One of the advantages of being an engineer is the opportunity to vertically and horizontally; vertical growth is continual development of skill in a field, horizontal development is using the engineering foundation to expand into other fields. I studied environmental engineering and expanded into industrial hygiene, safety engineering, and forensic engineering now I am studying mechanical engineering. An interesting aside is that the undergraduate field that is most accepted into Medical Schools is engineering.

Drew recommends the following next steps:

  • Explore student membership in the National Society of Professional Engieers. It's free if you qualify.
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Mike’s Answer

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Ellie,
I was lucky in that I realized I wanted to be an Engineer as I went into high school. But, I did come to a crossroads in my college career where I almost went into video editing. I don't regret continuing on with my chosen career path, but am glad I considered a change when I did.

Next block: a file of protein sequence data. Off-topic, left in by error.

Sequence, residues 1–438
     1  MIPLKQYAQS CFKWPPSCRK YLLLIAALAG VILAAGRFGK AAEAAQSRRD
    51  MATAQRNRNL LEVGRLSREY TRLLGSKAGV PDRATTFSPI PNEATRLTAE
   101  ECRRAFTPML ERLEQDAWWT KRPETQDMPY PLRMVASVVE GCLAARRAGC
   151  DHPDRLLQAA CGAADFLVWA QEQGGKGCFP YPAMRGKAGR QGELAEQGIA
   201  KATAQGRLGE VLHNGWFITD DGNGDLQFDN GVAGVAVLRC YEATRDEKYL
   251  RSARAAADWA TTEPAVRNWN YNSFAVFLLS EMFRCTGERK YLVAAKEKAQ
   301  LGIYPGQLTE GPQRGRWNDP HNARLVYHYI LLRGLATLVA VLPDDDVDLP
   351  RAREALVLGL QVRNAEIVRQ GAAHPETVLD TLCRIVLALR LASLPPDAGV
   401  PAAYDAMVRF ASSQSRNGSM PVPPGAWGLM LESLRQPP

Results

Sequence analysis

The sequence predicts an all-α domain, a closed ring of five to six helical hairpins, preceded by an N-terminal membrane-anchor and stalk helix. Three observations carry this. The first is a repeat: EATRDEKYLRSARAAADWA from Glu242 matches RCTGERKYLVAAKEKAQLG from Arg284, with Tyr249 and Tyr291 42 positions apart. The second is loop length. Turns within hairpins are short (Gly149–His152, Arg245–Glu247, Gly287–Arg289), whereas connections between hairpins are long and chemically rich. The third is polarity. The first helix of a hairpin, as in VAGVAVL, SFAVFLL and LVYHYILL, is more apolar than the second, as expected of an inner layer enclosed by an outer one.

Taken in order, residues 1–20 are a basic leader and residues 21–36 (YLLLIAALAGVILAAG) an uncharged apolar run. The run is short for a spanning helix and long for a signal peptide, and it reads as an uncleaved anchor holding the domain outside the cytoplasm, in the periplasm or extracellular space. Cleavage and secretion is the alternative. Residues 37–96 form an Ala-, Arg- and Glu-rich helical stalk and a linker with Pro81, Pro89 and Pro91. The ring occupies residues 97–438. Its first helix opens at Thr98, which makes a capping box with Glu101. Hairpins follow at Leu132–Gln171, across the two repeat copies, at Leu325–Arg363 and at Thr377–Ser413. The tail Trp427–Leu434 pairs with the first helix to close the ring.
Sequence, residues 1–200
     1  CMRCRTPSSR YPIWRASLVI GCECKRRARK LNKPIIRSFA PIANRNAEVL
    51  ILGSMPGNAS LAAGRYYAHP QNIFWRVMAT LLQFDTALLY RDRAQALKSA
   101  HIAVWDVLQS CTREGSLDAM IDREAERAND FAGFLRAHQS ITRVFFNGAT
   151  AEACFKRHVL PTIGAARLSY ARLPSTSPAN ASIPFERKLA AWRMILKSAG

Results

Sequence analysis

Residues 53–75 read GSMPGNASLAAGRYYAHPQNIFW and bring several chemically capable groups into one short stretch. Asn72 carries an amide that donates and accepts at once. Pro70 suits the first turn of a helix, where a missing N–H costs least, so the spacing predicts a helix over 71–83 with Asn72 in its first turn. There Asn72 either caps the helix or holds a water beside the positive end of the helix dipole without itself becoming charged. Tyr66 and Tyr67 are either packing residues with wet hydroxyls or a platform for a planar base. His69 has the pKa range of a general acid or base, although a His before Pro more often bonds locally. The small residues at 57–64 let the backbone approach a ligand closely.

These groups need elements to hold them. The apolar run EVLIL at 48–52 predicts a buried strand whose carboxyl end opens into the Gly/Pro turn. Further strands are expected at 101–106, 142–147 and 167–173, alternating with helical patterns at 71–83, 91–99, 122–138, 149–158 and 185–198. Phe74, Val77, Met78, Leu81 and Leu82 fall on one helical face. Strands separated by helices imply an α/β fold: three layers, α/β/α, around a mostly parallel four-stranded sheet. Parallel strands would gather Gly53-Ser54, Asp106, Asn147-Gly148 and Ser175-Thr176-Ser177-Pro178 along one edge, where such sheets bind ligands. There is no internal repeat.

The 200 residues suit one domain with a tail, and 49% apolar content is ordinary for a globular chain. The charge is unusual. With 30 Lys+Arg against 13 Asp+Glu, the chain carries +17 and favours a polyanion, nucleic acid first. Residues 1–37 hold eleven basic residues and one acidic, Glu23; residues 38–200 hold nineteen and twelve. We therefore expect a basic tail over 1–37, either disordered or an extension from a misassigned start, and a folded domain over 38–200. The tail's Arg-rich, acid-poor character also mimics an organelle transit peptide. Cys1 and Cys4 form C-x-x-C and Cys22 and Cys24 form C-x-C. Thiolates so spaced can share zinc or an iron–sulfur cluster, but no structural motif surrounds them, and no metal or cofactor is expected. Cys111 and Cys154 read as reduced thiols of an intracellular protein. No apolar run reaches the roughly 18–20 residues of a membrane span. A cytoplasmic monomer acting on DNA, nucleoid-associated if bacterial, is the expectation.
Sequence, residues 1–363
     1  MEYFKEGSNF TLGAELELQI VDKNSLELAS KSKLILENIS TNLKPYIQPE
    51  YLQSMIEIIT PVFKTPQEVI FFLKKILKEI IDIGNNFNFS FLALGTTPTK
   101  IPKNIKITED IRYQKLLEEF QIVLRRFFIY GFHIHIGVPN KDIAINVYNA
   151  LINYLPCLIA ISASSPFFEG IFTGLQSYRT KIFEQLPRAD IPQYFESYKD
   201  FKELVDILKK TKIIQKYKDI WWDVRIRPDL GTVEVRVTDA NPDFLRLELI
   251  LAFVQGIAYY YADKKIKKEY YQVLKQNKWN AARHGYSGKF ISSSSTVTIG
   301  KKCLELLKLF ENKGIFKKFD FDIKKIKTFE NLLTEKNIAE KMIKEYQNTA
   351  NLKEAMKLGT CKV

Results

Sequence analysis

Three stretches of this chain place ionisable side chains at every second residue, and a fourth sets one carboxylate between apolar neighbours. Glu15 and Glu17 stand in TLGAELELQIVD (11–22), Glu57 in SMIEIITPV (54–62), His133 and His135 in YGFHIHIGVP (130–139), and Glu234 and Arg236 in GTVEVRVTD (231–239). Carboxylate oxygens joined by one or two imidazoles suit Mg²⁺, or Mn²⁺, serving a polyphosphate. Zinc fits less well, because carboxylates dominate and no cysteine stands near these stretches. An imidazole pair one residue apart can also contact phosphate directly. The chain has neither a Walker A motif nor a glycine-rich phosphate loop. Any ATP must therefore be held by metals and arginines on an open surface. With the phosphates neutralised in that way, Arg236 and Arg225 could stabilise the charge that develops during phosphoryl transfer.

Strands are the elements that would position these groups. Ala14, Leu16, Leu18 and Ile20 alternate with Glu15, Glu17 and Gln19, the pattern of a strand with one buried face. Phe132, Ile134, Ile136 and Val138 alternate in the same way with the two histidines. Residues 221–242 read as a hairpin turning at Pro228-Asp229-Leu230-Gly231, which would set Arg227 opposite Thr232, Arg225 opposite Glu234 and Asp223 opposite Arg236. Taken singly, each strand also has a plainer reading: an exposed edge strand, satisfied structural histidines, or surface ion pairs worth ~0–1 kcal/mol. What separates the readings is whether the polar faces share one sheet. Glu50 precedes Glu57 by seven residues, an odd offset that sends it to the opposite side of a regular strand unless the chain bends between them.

Always know it's never too late to take a different path. Some people know at 14 what they want to do. Others figure it out at 24. Some at 40 still don't know. As long as you are willing to continuously learn and are willing to take on new tasks you can have a long and fulfilling life.
Don't get caught up in the "I have to know by the time I'm in high school" thought process that is out there. College is expensive so I wouldn't say you can continually change your mind there, but a lot of times your undergraduate degree gets you the first job and then from there on it's up to you how to proceed. Many people get graduate degrees, certifications, or just learn valuable skills they can apply to what they want to do.

Best of luck!
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Vibush’s Answer

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While some of us have a clear idea about what we want to do very early on in our life, most of us out there may not know what we want to do yet. The important thing to keep in mind is to understand what you like and what you enjoy doing. At the end of the day you want to do something that you enjoy or love so try and find out what you are passionate about. Here are some key points you can keep in mind to help you out:

What do you like/love to do?

What career options are available for your interests?

Talk to people. Talking to people helps broaden your knowledge as well improve your social network.
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Mike’s Answer